Live from Guelph city council meeting comes this report given by City staff, noting that the transit terminal is at risk to not be completed by the march 2011 deadline. *greements with GEXR, VIA and CN are not yet in place , but staff is confident agreements will be signed in time.
“commendable in general, there’s little to recommend this plan in particular. Light rail transit makes great sense for large urban centres with dense commuter traffic travelling to a downtown employment core or other significant destination. This is not the case in Waterloo Region, which lacks a recognizable downtown and has a population of just 500,000. As it stands now, the train would run from a shopping mall in Waterloo to a shopping mall in Kitchener. Most area jobs are distributed throughout the suburbs, and few commuters use existing bus services. Building a train track will not change this reality.”
Oh really? Edmonton, Population 730,000, has light rail. Calgary, population, 1,000,000 has light rail. These systems were built 25 years ago when the cities were much smaller. Can you fault Waterloo region for thinking ahead? Places to Grow requires urban intensification and Light Rail will enable this to occur. Again, think of this as an investment in the future.
From Monday’s Globe and Mail
Waterloo Region in southwestern Ontario is widely known for its vibrant high-tech sector, universities and think tanks. The Queen took a day trip to the area for a tour of Research in Motion, manufacturer of the BlackBerry, during her Canadian visit. Stephen Hawking was recently in residence at Waterloo’s Perimeter Institute for Theoretical Physics.
This week it was Michael Ignatieff’s turn to drop by. In an effort to court local favour, the federal Liberal Leader threw his support behind the region’s $800-million light rail transit commuter proposal. “I am a passionate believer in light rail,” he said, promising to “make this happen.” For an area with such a reputation for intelligence and education, however, the region’s train plan is a surprisingly poor idea. And an issue of national significance.
While Mr. Ignatieff’s passion may be commendable in general, there’s little to recommend this plan in particular. Light rail transit makes great sense for large urban centres with dense commuter traffic travelling to a downtown employment core or other significant destination. This is not the case in Waterloo Region, which lacks a recognizable downtown and has a population of just 500,000. As it stands now, the train would run from a shopping mall in Waterloo to a shopping mall in Kitchener. Most area jobs are distributed throughout the suburbs, and few commuters use existing bus services. Building a train track will not change this reality.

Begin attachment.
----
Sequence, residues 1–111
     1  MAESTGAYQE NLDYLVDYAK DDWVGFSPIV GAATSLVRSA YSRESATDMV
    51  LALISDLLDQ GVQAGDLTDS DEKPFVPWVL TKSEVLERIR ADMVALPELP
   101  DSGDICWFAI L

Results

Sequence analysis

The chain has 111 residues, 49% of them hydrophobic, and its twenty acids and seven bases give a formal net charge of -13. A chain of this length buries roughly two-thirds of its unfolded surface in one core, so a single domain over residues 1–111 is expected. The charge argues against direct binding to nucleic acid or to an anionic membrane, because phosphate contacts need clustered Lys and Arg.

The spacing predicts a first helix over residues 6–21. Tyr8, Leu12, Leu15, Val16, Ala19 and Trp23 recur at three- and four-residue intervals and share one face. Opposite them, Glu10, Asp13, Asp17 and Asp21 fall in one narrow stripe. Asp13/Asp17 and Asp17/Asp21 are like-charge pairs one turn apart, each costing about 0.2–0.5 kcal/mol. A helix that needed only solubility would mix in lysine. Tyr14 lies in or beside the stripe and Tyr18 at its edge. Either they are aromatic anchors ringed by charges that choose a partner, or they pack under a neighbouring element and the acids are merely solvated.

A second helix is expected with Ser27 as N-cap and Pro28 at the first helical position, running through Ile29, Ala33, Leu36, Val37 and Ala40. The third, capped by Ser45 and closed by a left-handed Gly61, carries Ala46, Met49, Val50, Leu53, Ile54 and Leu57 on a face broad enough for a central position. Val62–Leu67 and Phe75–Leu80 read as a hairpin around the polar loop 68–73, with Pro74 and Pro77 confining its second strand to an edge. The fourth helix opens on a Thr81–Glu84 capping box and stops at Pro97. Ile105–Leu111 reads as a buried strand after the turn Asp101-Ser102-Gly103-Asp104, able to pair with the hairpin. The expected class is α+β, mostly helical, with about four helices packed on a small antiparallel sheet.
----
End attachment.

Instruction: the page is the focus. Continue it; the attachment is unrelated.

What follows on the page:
Waterloo Region’s light rail transit proposal may not make any practical sense; however, it holds considerable attraction for municipal politicians. And while the area’s four MPs are all Conservative, some won by rather slim margins in the last election. Hence Mr. Ignatieff’s enthusiasm for local trains.
The regional government’s plan requires that capital costs be shared fully between the province and Ottawa. Both have spoken in favour of the project, but Ontario recently offered just $300-million, due to budgetary concerns. This suggests the project will only survive with massive support from Ottawa. An announcement is expected shortly.
Given equivalent fiscal constraints at the federal level, the inappropriateness of Waterloo Region’s $800-million rail project assumes national importance. That money would be better applied to other, more pressing transportation needs”
Like what? Another 100 KM double lane divided highway into Northern Ontario (Think Highway 400 to Sudbury, Highway 11 through to North Bay which is presently being twinned through canadian shield at an estimated cost of $1b, annually)
Light Rail is cheap by comparison, on a per person basis.
Quoted from the article:
“An ongoing dispute between VIA Rail Canada and Goderich-Exeter Railway (GEXR) over track usage fees has stalled long-sought infrastructure improvements that could see increased passenger service through St. Marys and Stratford”
..Currently, the number of trains passing through Stratford-St. Marys is not enough to meet demand during peak times, he adds.
“It’s frustrating,” says the mayor. “We’ve advocated for this, VIA agrees with us and they’re at the implementation stage, and we’re stalled.”
Full article here:
Trains 86 and 87 will operate modified summer schedules to accommodate ongoing work programs
TORONTO, Aug. 10 /CNW Telbec/ – VIA Rail Canada wishes to advise travellers that due to ongoing work programs along the rail line between London and Kitchener, certain VIA trains travelling between Toronto and Sarnia, and between London and Toronto, will operate using modified temporary schedules. Effective Monday, August 16, Train 86 travelling from London to Toronto and Train 87 travelling from Toronto to Sarnia will operate with earlier departure times.
Train 86 will depart London at 04:45, arriving at Kitchener at 06:23, Guelph at 06:58, and terminating in Toronto at 08:20.
Train 87 will depart Toronto at 17:40, arriving at Guelph at 18:49, Kitchener at 19:18, London at 21:08, and terminating in Sarnia at 22:19.
VIA anticipates that travel times on these routes will be improved once the track work has been completed. At that time, VIA will re-evaluate and adjust its timetables.
GOKW note: The translated reason for the schedule change is poor condition of GEXR track, temporary slow orders on many portions of the line are causing the delay.